Posts Tagged ‘chuan xiong’
Women are more likely than men to have Raynaud’s disease and, perhaps not surprisingly, it’s more common in people who live in colder climates.
“Treatment” for Raynaud’s disease often consists of activities like layering clothing, wearing gloves and donning extra thick socks. Some patients take medications deigned to open up or widen their blood vessels and promote circulation.
Increasingly, I am seeing patients who are interested in Traditional Chinese Medicine (TCM) approaches to easing Raynaud’s disease. These treatment regimens are often focused on herbal formulas that warm, increase peripheral circulation and work on improving the integrity of qi and blood in the superficial channels. Depending on the Patient’s presentation we evaluate and use herbs such as astragulus (huang qi), aconite (fu zi), ginger (gan jiang), ligusticum (chuan xiong) and cinnamon (gui zhi) to ease the chill, move blood and reduce pain in their extremities.
Patients are also finding relief with acupuncture as it can increase blood flow and decrease pain. In fact, a study published in the Journal of Internal Medicine showed that acupuncture treatment decreased the symptoms or “attacks” of Raynaud’s disease by 63%.
Finally, avoiding too much caffeine, getting a good amount of exercise and eating a balanced diet rich in Omega-3 fatty acids can also help your body successfully combat Raynaud’s disease.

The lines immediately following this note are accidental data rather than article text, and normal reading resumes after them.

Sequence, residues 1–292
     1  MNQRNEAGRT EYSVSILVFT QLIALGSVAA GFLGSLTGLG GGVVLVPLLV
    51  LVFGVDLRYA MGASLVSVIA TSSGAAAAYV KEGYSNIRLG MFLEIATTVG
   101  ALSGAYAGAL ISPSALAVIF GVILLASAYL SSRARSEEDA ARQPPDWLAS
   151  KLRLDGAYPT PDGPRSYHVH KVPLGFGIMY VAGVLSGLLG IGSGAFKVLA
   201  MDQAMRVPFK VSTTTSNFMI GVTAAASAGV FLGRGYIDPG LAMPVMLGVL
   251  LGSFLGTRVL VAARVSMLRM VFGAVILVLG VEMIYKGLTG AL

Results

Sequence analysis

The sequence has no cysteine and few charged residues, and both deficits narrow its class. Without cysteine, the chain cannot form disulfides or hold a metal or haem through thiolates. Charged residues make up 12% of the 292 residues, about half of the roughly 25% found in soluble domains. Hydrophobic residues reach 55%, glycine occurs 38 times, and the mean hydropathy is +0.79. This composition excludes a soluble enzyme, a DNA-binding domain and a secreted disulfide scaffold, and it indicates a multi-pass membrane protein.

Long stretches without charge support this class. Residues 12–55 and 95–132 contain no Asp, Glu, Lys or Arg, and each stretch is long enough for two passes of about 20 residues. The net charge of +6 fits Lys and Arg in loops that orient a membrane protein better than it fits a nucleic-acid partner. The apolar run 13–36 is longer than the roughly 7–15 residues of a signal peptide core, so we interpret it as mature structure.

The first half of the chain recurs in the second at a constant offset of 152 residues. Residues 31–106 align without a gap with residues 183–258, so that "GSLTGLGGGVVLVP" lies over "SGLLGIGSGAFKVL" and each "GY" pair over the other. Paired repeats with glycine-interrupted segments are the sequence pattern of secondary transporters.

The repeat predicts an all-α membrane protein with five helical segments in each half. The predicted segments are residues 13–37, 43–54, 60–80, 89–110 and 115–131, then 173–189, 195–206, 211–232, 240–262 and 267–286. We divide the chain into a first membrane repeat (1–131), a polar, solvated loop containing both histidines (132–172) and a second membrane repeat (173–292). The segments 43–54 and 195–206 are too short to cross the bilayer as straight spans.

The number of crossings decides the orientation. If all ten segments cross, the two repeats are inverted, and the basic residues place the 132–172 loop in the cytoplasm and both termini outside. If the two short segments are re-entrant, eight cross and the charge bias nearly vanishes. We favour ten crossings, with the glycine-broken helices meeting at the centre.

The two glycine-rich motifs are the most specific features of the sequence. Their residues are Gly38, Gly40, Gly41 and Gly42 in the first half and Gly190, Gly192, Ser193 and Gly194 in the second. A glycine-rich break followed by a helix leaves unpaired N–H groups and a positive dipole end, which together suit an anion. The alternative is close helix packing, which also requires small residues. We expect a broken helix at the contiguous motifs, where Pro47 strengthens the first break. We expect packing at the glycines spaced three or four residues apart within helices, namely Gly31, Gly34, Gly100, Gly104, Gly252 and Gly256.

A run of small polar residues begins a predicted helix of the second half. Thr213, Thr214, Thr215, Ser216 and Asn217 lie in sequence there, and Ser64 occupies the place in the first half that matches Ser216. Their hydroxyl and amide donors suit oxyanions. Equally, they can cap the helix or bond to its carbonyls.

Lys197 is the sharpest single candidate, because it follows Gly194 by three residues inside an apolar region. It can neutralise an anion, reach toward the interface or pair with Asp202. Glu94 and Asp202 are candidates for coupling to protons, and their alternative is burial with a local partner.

More information and helpful resources for Raynaud’s disease can be found here:
Ligusticum (chuan xiong) is a popular herb in Chinese medicine. While the root and rhizomes have therapeutic properties, ligusticum is also used for flavoring and fragrance due to its pungent and warm qualities. Ligusticum’s properties are well suited for autumn and ailments that typically occur during the change of seasons.
Ligusticum is featured is the formula chuan xiong cha tiao san or “ligusticum chuan xiong powder to be taken with green tea”. The Chinese Medicine Materia Medica specifies this formula for exterior disorders with head and neck symptoms. Exterior disorders affect the most yang aspects of the body. In the perspective of Chinese medicine, the head and neck are located furthest from the earth and therefore the most yang. Wind-heat or wind-cold disorders often manifest in the head and neck. The common symptom profile is headache with chills and fever, dizziness, and nasal congestion.
From a western medical slant, chuan xiong cha tiao san can be seen as a formula that treats conditions such as upper respiratory infection, migraine headache, tension headache, neurogenic headache and acute and chronic sinusitis. Ligusticum helps to promote healthy bloodflow and relieve pain. Many Chinese medicine practitioners also prescribe Ligusticum as part of an individualized formula to treat irregular menses, migraine headache and infertility.